Image credits: A thin gauge coaster brake ball bearing retainer that failed by dno1967b, Wedding photographer by Stefan Leijon, two stop signs by shooting brooklyn

  • ChantelleMoore

    If you check with the trade organization PPA, the average pro photog makes about $25,000 a year. (McDonalds swing shift manager makes more and gets insurance and works half the hours.) If you then add in the “part timers”, (most of whom do not pay sales tax or report their income, but some do), then the average of ALL reporting photogs is $11,000 a year. If you’re a pro photog working 40 hours a week for $25,000 or less, get a paper route. You can still have your hobby and maybe the spouse who never sees you since you’re hunkered over photoshop (wasting time making pictures no one buys), well, maybe that spouse will stop having affairs behind your back.

  • Bill Binns

    Well, I take lots of bad photos too and I knew there would be bad photos on the cards but I wanted to do the selection and post. I also wanted some photos immediately to send out before we left on our honeymoon.

    I think the exisiting business model for pro photographers (or maybe just wedding photographers) is getting pretty dated. I can pay just about any other professional for their time and own the work they produce during that time outright. Why is it different for photographers?

  • OllyOlly OxenFree

    Word… I like the one where the guy posts under a fake name then doesn’t show up.

  • Lucifer

    People in hell want ice water, too.

  • Bill Binns

    Maybe… but the guy found someone to do the work right? Presumably, whomever decided to take the shots was happy with the deal (the guy was very clear about not paying) and the guy that ran the ad got what he wanted. Is there a victim here? Did someone get screwed?

    If there is a victim, it would be the hypothetical photographer the guy would have paid to do the shoot if he had not found someone to do it for free. If that’s the case then the person who worked for free is just as “guilty” as the guy that ran the ad.

    I wonder if professional movers have as much rage towards someone who owns a pickup truck and helps his buddy move?

  • OllyOlly OxenFree

    LOL… I thought the main difference with a prostitute was that they don’t kiss…

  • OllyOlly OxenFree

    Eloquent, but I’ll bet he’s given no thought to all the unpaid interns who have served his interests…..

  • OllyOlly OxenFree

    How does pursuing photography as an art form…. And creating art…. Devalue my talent?
    Here’s my fantasy: I spend the next couple of years shooting what I want to shoot…. Art. Good art. Fine art?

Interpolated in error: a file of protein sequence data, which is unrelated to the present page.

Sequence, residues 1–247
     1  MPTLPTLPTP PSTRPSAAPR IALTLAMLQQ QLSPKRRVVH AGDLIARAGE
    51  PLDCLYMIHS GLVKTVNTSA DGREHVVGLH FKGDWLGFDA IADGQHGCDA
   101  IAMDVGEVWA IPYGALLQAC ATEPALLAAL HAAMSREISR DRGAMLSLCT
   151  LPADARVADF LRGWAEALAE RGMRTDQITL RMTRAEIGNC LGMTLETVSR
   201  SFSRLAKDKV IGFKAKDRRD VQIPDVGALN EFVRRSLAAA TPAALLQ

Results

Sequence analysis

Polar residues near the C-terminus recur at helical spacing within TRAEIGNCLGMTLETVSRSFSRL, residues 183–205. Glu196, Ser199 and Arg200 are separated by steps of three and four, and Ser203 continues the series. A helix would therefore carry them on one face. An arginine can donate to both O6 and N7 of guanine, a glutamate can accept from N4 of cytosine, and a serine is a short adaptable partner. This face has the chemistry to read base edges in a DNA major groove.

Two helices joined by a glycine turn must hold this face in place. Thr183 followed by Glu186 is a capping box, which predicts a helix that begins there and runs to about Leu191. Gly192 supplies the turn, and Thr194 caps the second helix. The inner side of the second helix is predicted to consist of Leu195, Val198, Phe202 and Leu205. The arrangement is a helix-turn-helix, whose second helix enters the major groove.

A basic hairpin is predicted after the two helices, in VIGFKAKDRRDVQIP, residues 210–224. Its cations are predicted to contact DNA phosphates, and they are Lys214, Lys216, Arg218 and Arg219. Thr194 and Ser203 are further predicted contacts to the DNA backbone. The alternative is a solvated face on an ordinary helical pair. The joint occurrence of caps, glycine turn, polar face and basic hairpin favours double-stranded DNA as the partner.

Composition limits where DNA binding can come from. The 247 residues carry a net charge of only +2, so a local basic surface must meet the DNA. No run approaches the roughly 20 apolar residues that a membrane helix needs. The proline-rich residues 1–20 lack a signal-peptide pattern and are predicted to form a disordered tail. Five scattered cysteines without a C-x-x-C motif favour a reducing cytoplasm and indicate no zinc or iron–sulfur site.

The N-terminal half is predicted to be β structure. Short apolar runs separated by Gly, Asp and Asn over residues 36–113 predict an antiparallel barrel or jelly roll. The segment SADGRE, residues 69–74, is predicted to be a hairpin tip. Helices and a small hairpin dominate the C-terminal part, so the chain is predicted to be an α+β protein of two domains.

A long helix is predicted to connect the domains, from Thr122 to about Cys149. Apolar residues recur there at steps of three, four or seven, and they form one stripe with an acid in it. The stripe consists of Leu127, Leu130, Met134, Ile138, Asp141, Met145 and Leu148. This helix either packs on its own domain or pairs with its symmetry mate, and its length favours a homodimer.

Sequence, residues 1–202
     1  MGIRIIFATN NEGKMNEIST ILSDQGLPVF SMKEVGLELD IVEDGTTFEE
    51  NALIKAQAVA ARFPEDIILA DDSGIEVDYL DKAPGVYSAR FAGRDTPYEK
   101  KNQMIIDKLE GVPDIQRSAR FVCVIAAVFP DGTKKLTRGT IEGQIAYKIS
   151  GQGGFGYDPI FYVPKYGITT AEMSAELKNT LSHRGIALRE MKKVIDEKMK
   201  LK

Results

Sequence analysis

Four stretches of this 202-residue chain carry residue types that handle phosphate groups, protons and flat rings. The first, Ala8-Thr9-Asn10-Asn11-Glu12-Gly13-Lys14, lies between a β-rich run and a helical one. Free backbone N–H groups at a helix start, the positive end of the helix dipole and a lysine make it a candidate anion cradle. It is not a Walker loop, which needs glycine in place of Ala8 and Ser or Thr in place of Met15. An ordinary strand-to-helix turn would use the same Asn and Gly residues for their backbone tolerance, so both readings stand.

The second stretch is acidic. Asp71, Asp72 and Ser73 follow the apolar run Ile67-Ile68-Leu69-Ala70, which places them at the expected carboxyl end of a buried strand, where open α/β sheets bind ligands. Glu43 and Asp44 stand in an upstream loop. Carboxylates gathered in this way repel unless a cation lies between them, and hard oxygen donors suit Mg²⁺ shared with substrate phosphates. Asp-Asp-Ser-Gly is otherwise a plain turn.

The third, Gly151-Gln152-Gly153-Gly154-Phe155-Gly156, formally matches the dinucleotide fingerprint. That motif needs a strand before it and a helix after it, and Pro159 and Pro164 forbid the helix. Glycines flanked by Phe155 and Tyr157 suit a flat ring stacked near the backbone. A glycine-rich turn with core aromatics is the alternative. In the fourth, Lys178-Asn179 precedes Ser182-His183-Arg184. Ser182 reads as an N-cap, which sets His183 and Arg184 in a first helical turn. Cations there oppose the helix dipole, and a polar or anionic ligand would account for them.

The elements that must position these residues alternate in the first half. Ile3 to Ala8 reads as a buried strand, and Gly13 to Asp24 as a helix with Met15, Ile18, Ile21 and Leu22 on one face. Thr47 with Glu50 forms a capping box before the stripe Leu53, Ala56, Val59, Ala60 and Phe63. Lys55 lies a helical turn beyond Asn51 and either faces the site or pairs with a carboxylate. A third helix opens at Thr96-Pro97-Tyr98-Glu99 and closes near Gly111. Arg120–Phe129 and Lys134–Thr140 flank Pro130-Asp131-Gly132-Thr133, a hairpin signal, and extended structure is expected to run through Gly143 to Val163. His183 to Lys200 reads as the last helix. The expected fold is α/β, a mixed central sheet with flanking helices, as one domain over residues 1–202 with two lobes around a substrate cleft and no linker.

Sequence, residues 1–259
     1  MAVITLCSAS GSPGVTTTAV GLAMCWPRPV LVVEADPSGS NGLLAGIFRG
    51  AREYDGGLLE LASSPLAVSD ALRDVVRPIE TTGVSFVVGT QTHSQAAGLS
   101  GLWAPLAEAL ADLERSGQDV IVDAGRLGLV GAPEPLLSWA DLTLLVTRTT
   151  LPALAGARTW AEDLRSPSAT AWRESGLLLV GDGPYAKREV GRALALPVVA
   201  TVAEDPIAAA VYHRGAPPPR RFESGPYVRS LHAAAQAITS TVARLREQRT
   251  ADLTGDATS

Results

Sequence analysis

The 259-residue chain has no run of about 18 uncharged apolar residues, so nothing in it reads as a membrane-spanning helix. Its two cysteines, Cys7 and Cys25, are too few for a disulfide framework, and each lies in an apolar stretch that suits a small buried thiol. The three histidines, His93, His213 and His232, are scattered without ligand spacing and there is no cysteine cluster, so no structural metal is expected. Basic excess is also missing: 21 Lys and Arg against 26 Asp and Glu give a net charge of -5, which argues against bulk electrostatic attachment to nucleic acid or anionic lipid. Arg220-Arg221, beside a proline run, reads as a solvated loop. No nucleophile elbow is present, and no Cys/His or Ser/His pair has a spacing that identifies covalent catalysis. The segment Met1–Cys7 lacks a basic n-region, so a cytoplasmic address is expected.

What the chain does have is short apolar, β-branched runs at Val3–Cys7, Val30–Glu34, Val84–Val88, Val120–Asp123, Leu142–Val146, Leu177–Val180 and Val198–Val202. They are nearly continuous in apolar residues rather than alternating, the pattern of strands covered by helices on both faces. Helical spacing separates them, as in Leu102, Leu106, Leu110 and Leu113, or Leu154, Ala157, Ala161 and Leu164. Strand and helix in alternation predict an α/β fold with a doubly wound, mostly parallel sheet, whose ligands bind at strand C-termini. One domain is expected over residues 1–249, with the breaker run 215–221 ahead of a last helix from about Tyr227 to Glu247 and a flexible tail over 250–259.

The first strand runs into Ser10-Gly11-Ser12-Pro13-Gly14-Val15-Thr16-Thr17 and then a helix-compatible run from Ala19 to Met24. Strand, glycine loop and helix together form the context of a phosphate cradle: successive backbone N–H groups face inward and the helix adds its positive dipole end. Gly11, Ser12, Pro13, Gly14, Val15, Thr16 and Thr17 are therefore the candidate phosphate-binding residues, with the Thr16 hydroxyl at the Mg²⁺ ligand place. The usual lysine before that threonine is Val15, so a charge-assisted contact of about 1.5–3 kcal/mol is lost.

Then I rent a booth at an art fair and chill for the weekend… Shades on, beer in-hand, feet up… And sometimes talk to people about my art, or other photographers about photography (my favorite subject)…. And who knows? Maybe even sell a picture? Maybe get really lucky and sell enough to cover my costs for the weekend at the fair?
    And the final result? I go home knowing that someone likes my work enough to want to hang it in their home, and someone has a work of art in their home that they enjoy…. To me, the only way you can cheapen that is to argue about the money.
    You obviously have enough demand for your work that you had to decide to only do work for those who pay. The fact that you call yourself a designer suggests you have chosen that as your full-time profession. If people ask you what you “do”, you say “designer”…
    But for people like me, I don’t have so much demand that I have to sort it that way (thank goodness), and I already have a profession. When people ask me what I do, I say I run the maintenance departments for large commercial facilities…. And I say it proudly. I don’t mention photography unless someone asks me about my hobbies.
    Again, I don’t see how I cheapen my talent or the craft in any way. In fact, I’d say I honor both far more than those who insist that money is the important factor.
    “Art as expression.
    Not as market campaigns.
    Will still capture our imaginations.”
    Rush ~ Natural Science

  • Chris Pickrell

    But, what about the weekend warriors who have a REAL job and don’t want to make money off their “art” because they do it for the pure joy of art?

  • Stypica

    replace “photographer” with “graphic artist” and you sound like what my wife has been saying for years. You can swap it out for any artistic job, really. :(

  • BDWT

    Alias, it’s too bad you didn’t understand what I was trying to say. Let me try with another purely hypothetical example; say you receive a phone call one day to go shoot a band for no pay and you turn it down. Okay, that’s fine you don’t have to say yes. But what if (in this hypothetical scenario) that band was someone big like the Rolling Stones or Black Keys but you still wouldn’t be paid because the gig was for a small internet blog that had no funding but good enough connections that they could actually setup this scenario, would you still say no? You need to look on the bright side of things. No it might not be a paying gig but will you produce photos that you can then add to your portfolio? Will you see it as an opportunity to meet music agents, managers and establish a new work relationship that may lead to future paying jobs? (And before you snap back at me saying that a scenario like this would never happen, it does, all the time, I even assisted on a shoot like this recently and as I result I made some new contacts and got a paid gig less than a week later) The photo industry is changing, it’s becoming an over saturated market and everyday there’s thousands of talented newcomers that are undercutting pros left and right. If you are an active, working photographer I shouldn’t have to remind you that negativity doesn’t lead to good things.